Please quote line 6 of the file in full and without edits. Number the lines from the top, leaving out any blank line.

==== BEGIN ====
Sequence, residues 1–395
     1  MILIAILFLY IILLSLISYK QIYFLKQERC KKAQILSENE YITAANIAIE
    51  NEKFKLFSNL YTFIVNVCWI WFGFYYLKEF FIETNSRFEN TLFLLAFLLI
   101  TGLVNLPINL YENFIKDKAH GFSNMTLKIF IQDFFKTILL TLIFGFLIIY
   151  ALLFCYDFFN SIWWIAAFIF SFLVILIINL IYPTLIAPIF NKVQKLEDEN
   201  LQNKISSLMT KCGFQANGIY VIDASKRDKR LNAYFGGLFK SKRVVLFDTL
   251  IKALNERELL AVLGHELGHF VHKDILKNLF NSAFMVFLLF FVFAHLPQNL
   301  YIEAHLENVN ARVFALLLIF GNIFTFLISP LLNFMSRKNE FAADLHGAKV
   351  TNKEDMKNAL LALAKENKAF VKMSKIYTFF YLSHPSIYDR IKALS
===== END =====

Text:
   201  LQNKISSLMT KCGFQANGIY VIDASKRDKR LNAYFGGLFK SKRVVLFDTL